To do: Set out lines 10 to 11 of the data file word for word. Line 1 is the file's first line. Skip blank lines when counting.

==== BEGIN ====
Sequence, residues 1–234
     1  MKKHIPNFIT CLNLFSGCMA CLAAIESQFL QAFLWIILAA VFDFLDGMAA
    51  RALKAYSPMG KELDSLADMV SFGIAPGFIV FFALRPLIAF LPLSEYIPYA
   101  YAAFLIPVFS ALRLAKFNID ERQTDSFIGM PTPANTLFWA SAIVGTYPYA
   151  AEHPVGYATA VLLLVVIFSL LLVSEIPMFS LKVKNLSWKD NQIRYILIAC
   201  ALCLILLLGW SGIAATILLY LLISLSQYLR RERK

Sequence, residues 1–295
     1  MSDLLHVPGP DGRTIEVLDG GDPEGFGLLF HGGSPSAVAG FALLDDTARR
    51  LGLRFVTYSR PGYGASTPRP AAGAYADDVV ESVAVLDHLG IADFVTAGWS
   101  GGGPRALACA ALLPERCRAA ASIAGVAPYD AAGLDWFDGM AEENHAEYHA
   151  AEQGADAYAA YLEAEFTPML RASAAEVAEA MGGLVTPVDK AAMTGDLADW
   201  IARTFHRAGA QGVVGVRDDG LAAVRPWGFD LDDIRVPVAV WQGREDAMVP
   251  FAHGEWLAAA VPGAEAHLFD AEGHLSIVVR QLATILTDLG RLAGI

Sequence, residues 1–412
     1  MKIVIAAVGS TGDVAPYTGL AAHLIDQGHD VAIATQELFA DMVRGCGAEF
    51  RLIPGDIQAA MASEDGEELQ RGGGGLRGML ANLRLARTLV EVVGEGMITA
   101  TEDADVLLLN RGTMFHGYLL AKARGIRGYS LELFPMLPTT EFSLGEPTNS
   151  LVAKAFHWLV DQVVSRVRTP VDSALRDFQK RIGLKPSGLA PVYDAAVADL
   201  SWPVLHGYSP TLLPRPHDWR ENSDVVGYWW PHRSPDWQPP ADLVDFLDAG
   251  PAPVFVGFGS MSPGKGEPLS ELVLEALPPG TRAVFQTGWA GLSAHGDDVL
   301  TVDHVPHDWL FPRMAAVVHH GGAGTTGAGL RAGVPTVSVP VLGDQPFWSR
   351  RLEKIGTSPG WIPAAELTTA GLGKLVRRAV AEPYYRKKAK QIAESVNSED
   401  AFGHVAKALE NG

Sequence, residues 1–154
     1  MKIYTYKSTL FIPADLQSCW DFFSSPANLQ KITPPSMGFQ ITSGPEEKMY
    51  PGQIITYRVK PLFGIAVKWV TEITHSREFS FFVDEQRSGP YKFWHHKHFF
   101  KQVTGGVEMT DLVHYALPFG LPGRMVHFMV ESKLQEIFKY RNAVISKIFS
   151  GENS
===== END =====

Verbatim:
   101  GGGPRALACA ALLPERCRAA ASIAGVAPYD AAGLDWFDGM AEENHAEYHA
   151  AEQGADAYAA YLEAEFTPML RASAAEVAEA MGGLVTPVDK AAMTGDLADW